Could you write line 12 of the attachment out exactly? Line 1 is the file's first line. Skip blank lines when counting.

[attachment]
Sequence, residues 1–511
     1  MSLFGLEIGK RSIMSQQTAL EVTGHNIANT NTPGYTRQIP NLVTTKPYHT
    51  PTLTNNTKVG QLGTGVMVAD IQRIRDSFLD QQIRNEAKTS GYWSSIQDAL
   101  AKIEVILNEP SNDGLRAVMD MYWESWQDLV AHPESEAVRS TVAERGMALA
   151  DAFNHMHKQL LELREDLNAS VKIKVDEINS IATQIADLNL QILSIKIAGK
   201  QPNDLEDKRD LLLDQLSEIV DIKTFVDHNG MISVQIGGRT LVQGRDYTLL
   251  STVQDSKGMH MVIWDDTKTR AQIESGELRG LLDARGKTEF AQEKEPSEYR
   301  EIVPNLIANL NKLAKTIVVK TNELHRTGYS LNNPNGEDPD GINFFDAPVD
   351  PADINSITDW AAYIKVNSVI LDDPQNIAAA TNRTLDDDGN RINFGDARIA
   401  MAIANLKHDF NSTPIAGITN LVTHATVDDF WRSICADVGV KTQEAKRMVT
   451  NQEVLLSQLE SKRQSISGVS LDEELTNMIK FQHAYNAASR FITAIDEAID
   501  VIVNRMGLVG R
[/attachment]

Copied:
   501  VIVNRMGLVG R